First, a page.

Torres: Young people are especially vulnerable to the structural weaknesses of the Spanish labour market. They tend to enter the labour market with short-term jobs, and thus face unstable conditions and high unemployment. In addition, unlike in the most successful countries, there are relatively few opportunities to combine education with work experience. Many young people are over-educated vis-à-vis the kind of jobs which are available in the labour market.
FE: How has the economic situation of young people in Spain evolved since the financial crisis?
Torres: Young people were more affected by the crisis than their adult counterparts. There were times when the unemployment rate of youth thus exceeded 50%. In addition, the majority of those who managed to obtain employment were poorly paid and faced precarious conditions. One salutary reaction, however, is that many young people have preferred to prolong education rather than entering a depressed labour market, which might pave the way to better job prospects in coming years. With the recovery, the employment position of young people has improved significantly, without however reverting to the pre-crisis situation.
FE: Are temporary contracts a help or a hindrance for young people starting their careers?
Torres: A temporary contract can be useful for acquiring work experience and making a first step in the labour market. However they can become dead-ends, with young cycling from one temporary job to the other, with unemployment spells in between. The challenge for Spain is to make temporary jobs stepping stones into more stable positions.
FE: What more could the government do to boost purchasing power and labor market participation rates, particularly among young people?
Torres: A multi-faceted approach is needed. This means, first of all, stronger linkages between education and labour markets, with a view to facilitating transitions. Secondly, barriers to stable job contracts should be tackled, including in terms of combatting abuse of temporary contracts and “false” self-employed (which are proliferating in the digital economy) and making legislation more predictable for enterprises that want to create stable jobs. Third, there is scope for boosting the effectiveness of active labour market policies, which would be especially beneficial for young people. This is feasible: in all these areas, good practices exist.
FE: Do you think that there will be significant reforms to the labour market over the next few years?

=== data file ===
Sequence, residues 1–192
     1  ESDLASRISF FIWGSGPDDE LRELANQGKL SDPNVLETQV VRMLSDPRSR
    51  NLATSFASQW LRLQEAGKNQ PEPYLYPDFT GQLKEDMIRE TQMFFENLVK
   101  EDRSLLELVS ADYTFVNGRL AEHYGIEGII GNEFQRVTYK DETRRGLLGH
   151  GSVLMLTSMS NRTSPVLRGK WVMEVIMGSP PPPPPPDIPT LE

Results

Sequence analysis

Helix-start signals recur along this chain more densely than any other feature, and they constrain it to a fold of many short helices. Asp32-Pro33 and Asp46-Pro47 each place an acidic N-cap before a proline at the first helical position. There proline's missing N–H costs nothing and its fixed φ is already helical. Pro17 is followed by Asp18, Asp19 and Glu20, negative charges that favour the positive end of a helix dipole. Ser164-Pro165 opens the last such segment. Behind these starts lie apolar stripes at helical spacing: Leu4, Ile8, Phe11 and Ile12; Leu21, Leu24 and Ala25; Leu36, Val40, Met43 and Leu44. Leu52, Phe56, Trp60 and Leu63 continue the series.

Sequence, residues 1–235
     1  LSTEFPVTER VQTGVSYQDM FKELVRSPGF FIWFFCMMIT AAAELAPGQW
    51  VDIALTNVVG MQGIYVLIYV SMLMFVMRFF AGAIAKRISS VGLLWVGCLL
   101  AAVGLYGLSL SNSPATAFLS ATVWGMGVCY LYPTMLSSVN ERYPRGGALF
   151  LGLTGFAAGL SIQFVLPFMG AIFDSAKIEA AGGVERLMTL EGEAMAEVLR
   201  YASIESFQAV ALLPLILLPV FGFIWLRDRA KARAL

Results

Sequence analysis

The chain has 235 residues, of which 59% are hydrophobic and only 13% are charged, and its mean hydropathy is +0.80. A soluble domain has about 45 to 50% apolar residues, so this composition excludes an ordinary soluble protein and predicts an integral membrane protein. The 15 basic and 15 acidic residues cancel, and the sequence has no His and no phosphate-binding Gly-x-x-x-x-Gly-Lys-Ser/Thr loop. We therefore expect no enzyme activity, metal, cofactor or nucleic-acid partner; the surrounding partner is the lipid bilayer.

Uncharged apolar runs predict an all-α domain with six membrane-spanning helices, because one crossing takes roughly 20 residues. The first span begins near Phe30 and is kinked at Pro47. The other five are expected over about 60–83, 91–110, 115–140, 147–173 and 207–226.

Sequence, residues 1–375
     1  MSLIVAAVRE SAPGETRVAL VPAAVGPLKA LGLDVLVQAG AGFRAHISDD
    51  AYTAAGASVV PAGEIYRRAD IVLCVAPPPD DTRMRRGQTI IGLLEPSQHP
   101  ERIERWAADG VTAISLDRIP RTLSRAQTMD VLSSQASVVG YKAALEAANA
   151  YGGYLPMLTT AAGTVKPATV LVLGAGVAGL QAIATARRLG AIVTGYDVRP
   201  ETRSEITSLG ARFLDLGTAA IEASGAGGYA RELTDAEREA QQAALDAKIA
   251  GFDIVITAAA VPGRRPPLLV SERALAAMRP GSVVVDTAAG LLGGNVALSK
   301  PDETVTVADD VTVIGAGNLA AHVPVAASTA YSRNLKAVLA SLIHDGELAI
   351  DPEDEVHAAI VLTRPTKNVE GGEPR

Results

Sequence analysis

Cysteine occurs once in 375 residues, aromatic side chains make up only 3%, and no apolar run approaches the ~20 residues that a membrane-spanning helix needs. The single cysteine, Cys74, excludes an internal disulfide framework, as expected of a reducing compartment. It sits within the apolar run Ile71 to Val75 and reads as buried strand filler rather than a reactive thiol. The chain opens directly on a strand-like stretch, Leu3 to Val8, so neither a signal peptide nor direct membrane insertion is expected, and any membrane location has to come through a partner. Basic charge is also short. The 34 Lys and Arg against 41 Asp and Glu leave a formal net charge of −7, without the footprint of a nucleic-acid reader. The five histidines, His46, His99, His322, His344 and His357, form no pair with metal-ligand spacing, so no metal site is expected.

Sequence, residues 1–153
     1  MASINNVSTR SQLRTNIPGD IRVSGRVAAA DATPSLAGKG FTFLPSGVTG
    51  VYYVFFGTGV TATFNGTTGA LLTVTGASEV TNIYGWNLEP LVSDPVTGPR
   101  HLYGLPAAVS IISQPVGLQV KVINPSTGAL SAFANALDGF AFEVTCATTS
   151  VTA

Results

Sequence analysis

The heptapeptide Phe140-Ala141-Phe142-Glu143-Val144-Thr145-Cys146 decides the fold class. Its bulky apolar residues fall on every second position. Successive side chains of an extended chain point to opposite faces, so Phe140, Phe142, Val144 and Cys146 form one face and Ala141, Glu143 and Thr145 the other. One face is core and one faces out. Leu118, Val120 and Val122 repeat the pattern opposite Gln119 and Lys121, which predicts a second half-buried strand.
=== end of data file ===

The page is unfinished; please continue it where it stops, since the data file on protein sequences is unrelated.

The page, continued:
Torres: As in other countries, the recovery has reduced pressure over the need for further reforms. However the positions of employers and trade unions are now closer concerning the need for avoiding low-wage traps, improving active labour policies and the role of the public employment service and the importance of addressing skill gaps. Pensions are another area where calls for reform have emerged from all sides. Therefore there may be room for a tradeoff between reforms that tackle labour market dualities with improvements in wages and protection against unemployment. The issue is whether the government will be in a position to seize this opportunity, given the many pitfalls that are typically associated with labour market reforms.
FE: How would you evaluate the role of unions in Spain? Are they effectively fulfilling their mandate of protecting their employees' welfare?
Torres: As in other countries, Spanish unions have faced significant challenges as a result of the period of internal devaluation which followed the sovereign debt crisis. This has meant not only losses in wages and jobs for many workers, especially those on temporary contracts, but also a limited bargaining space. Enterprise federations, too, underwent a difficult period of credit restrictions, forcing many otherwise viable businesses to scale down their operations, and affecting their ability to seat at the bargaining table. In sum, the depth of the crisis did not leave much room for manoeuvre for either unions or employers. The recovery, however, opens up new avenues for social dialogue. Let's hope that the main actors will seize them.
5-year economic forecasts on 30+ economic indicators for 127 countries & 33 commodities.
Author: Oliver Reynolds, Economist
Date: October 23, 2017